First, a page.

The British Forum for Ethnomusicology (BFE) is pleased to announce the opening of the 2017 Fieldwork Grant scheme.
Please read the following information, then click on the link to the application form at the bottom.
(The link can also be found on the Fieldwork Grants 2017 drop-down option under the Members Section menu).
Purpose of the Grants
The BFE Fieldwork Grants are intended to support doctoral candidates conducting ethnomusicological field research in the UK and abroad through making a contribution towards the costs of travel and subsistence. Up to 3 grants collectively totalling up to £1500 will be awarded for the 2017 scheme.
The BFE Fieldwork Grants scheme is open to all students enrolled on a PhD programme at a university in the UK who are conducting ethnomusicological research. Please note that applicants must have renewed their student membership for 2017 in order to be eligible to apply. If you have not renewed your membership yet then please do so on the bfe join/renew page. Only one application per person is permitted and fieldwork must start during 2017.
The criteria of evaluation are: the quality, originality and significance of the research and its potential contribution to ethnomusicological knowledge, theory and debate; the feasibility and importance of the fieldwork for achieving the stated research aims and outcomes; the need of the applicant, i.e. the likelihood of the applicant being unable to obtain fieldwork funding from other sources. There is no preference for particular geographical areas or topics.
To make an application, the following should be submitted:
- A letter addressing the grant criteria. The letter should also provide a clear indication of: the fieldwork schedule; the expected costs; the amount of funding requested from the BFE scheme; and other sources of research funding received and/or applied for. The letter must not exceed 2 pages in length.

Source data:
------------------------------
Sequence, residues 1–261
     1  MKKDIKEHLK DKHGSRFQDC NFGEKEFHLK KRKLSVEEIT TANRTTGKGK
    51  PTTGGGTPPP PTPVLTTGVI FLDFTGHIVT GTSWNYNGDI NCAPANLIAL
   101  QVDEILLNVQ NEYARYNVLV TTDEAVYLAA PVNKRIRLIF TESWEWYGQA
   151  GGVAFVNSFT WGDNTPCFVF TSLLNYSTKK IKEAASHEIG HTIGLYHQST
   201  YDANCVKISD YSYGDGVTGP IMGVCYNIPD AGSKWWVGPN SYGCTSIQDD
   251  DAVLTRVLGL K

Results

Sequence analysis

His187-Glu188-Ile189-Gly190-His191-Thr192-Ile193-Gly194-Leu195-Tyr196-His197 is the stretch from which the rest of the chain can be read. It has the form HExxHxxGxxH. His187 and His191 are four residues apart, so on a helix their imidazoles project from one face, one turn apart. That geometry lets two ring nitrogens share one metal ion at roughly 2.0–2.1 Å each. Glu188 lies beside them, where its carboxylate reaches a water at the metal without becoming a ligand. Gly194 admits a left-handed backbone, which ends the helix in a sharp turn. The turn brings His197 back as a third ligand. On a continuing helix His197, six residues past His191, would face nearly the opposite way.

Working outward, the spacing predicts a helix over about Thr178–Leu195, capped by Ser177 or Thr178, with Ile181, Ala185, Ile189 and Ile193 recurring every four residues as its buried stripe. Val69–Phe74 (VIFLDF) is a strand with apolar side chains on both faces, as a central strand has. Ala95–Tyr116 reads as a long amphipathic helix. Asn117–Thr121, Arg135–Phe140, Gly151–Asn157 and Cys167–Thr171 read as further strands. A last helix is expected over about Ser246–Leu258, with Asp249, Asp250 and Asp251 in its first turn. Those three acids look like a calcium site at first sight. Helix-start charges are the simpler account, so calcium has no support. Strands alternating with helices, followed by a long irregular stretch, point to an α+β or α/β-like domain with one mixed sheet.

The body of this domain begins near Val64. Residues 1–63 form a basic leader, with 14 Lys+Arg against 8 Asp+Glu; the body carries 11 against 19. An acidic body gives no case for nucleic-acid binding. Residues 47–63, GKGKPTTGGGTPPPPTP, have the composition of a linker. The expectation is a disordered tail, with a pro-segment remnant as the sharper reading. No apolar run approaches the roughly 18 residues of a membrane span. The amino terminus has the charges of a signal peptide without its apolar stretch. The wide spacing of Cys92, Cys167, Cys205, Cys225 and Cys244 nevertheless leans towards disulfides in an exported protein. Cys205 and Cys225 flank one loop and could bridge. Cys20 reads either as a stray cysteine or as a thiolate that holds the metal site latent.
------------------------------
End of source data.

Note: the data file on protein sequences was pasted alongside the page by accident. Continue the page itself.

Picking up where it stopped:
- A short CV, not exceeding 1 page in length.
- A short reference letter, not exceeding 1 page in length, in support of the application from the applicant’s PhD supervisor. Supervisors may wish to send their reference letter by email directly to the Chair (chairbfe.org.uk (chairbfe.org.uk)).
Application Deadline and Decision Notification
Applications must be submitted by email by the end of Friday 18 November 2016. Applications will be evaluated by a BFE panel. The decision of the panel is final, and the BFE regrets that it is unable to provide feedback on applications and decisions made by the panel. Applicants will be informed of the outcome of the awards by Monday 12 December 2016.
Payment of Grants for Successful Applications
Successful applicants must liaise with the Treasurer (treasurerbfe.org.uk (treasurerbfe.org.uk)) before grants are disbursed. Payment will be made via bank transfer.
Successful applicants are requested to submit a short fieldwork report – up to 500 words in length, accompanied by other media materials if appropriate – within 3 months after the completion of the fieldwork. Fieldwork reports are likely to be made public on the BFE website, social media etc. Grant awardees may also be requested to do a short presentation about their fieldwork at BFE meetings such as the AGM. Any publications resulting from the fieldwork should acknowledge receipt of a BFE Fieldwork Grant.
(you must be a logged-in and paid-up student member-in-good-standing to apply)
Following our recent call for applications to the BFE Fieldwork Grant Awards scheme, we are delighted to announce that three fieldwork grants have been awarded for 2017. It was a hotly contested competition this year, with a very high standard of applications; but we offer huge congratulations to Sophia Frankford, Pablo Infante-Amate and Katie Young, who are the 2017 grant recipients. Sophia, Pablo and Katie introduce their research projects below, and we look forward to hearing more from them when they return from the field.